With the problem of mass incarceration and the goal towards rehabilitation, these aforementioned values also apply to individuals who are facing low-level criminal allegations, who are trying to hold down a job, and whose liberty due to failing to appear could be at stake. This is especially true if our long-standing tradition of “innocent until proven guilty” remains in place. Individuals facing a low-level misdemeanor charge, as described in the introductory hypothetical, may be released on their own recognizance if the court finds that there is no public safety or failure to appear concern. One of the factors courts consider in making this determination is the individual’s employment (pdf, go to page 15). Once these individuals are released, they are expected to continue with their daily duties, be productive members of society, and return to court to take accountability for their actions. Thus, while many individuals who are working know they have to take responsibility for their actions, they may be in a position where they must choose between their economic stability (keeping their job) and attending court.

The presence of these individuals at their scheduled court proceedings is crucial to the administration of justice and to make efficient use of limited judicial and county resources. When individuals fail to appear for a hearing, a bench warrant is issued for their arrest. The county and courts bear a heavy burden in terms of time, space, money and many other resources. For example, an annual study for the years 2011 and 2012 in Santa Clara County indicated the number of bench warrants issued for failure to appear and the costs incurred for court hearings and jail beds. Santa Clara County Office of Pretrial Services Report (not available on line). The figures below demonstrate that the average cost of each court hearing is $238 and that when someone gets arrested on a warrant it takes a “minimum of two days in custody, [at an average of $204 a day per jail bed,] to get someone back on calendar and before the Court.” Santa Clara County Office of Pretrial Services Report.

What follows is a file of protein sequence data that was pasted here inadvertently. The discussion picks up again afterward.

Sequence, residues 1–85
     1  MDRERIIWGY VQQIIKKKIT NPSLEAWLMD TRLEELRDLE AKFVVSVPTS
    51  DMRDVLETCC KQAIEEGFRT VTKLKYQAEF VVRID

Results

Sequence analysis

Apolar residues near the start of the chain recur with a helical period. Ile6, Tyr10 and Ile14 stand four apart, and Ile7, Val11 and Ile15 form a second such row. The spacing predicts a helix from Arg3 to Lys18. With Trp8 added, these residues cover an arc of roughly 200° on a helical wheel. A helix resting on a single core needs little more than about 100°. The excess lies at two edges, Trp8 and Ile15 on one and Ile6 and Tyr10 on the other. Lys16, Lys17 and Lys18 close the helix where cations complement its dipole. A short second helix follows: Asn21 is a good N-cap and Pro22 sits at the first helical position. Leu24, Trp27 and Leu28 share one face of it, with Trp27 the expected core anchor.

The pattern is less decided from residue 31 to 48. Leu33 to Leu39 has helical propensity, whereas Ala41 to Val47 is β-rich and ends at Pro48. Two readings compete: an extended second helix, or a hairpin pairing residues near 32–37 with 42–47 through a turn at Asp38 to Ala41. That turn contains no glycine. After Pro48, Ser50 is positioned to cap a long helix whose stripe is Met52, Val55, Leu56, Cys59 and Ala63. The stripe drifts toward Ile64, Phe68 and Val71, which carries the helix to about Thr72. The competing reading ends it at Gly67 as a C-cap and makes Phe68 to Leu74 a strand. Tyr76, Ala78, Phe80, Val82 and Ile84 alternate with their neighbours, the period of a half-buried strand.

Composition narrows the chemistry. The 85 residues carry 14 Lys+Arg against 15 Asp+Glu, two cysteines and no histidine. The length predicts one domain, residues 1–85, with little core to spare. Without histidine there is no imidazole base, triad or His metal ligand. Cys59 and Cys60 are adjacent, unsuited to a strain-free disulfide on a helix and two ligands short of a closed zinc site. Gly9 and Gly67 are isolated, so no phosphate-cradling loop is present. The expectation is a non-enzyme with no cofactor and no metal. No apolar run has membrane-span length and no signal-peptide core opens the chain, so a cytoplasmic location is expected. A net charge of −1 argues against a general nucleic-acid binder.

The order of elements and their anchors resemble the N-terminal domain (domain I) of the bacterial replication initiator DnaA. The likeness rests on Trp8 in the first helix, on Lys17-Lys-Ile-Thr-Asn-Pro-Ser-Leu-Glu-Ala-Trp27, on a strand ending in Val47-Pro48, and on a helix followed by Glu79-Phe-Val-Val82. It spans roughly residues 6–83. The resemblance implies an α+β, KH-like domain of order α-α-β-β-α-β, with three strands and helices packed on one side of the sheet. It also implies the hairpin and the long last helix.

Number of Bench Warrants for FTA Missed Court Appearance               (@ $238) Bed Days in Jail         (@ 2 Days) System Costs
2011 17,004 $4,046,952 $6,937,632 $10,984,584
2012* 12,097 $2,879,086 $4,935,576 $7,814,662
*represents January through September 2012


These numbers do not take into account the many other system costs associated with a failure to appear and the processing of bench warrants, including the labor cost for court staff, judges, attorneys, law enforcement, and jail staff. If a large portion of those failing to appear were not showing up to court due to their inability to miss work, then protection from employer retaliation would likely reduce FTA’s and have significant labor and financial savings.

If California offers protection from employer retaliation for individuals facing criminal allegations, several limitations should be considered in order to avoid imposing a heavy burden on employers. These would include limitations on employees who keep re-offending and the extent of the protection. Although the length of time it takes to adjudicate allegations often depends on the seriousness of the charge, many get resolved at the first scheduled hearing. If they do not get resolved, there is at least more valuable information for all parties to make further determinations. In addition, the legislature would need to determine what type of documentation would be provided to employers to excuse the accused. If witnesses have subpoenas and jurors have a jury duty summons to show to their employers, then it might be necessary to have a general and confidential court note that applies to all employees and demonstrates when the employee is required to attend to court.

This blog post serves to highlight a current dilemma in our criminal justice proceedings where individuals must choose between their responsibility with work and their responsibility with the court. This post is also designed to begin a discussion that incorporates an economic and sociological approach to resolve this issue, such as legislation that would offer the same protection that all others who are mandated to attend court have. Further research is required to consider the best practices to implement such legislation. As our nation seeks criminal justice reform, one place to start is by facilitating the process whereby individuals facing criminal allegations can show up to court to present their defense or take accountability for their actions without putting their economic stability on the line.